It doesn't require a college degree to figure out Kansas University faculty salaries continue to fall behind wages paid professors at peer schools.
"The latest figures clearly support my case for enhanced faculty compensation. It is a matter of fairness," KU Chancellor Gene Budig said today.
According to the latest statistics, KU has the widest salary gap between a Kansas Board of Regents university and its group of peer universities.
In the previous budget year, the average wage of KU faculty was 88 percent of the amount paid at five universities comparable to KU. That percentage fell to 87.9 this year.
The average faculty salary at KU is $47,348, the highest compensation in the regents system.
However, the average wage at KU is $6,522 below the amount paid KU's peers. Last budget year, KU faculty got an average of $6,256 less than peers.
"My sense is that the salary levels at KU are terribly far below where they should be," said Mike Kautsch, dean of KU's School of Journalism and Mass Communications.
KU's peers are the universities of Colorado, Iowa, North Carolina, Oklahoma and Oregon.
Among those universities, the highest average faculty salary is $57,042 at North Carolina. Oregon is the lowest at $44,308.
Budig made improvement of faculty salaries the university's highest budget priority.
For the budget year that begins July 1, the Legislature allocated enough money to provide regents university faculty an average salary raise of 2.25 percent.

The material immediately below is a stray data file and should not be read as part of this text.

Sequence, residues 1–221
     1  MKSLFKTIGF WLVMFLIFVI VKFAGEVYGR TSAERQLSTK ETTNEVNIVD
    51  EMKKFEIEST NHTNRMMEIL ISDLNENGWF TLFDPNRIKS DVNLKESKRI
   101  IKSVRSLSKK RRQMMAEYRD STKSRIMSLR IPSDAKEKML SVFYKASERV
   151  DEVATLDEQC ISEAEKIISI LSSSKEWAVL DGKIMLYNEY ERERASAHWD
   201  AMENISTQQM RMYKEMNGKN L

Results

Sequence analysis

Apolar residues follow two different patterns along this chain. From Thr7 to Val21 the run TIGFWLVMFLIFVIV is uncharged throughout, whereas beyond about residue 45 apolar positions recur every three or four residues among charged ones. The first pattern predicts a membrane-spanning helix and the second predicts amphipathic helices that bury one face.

Budig said the time has come for a bold initiative to improve faculty compensation. He proposed that regents adopt a multiyear program that would earmark funds from tuition increases for faculty raises.
"The plan would place us in the middle ranks of our peers within two years," Budig said. "It would quickly enhance our competitiveness."
The chancellor said the regents will vote later this month on the tuition proposal, which has been endorsed by the other regents university chief executives.
Passage of the initiative would help KU attract and retain gifted faculty members, Budig said. It would enhance faculty morale, he said.
"We have an urgent need to change the methods of funding faculty salaries. Our goal has to be to catch up with peers and return to the kind of plan we had during the Margin of Excellence years in the late 1980s," Kautsch said.
The Margin of Excellence was a three-year plan initiated by regents that was designed to raise faculty salaries close to peer levels. The plan was abandoned by the Legislature after two years.
"The faculty is right to be concerned about the lack of substantial progress," Kautsch said. "It must come sooner rather than later."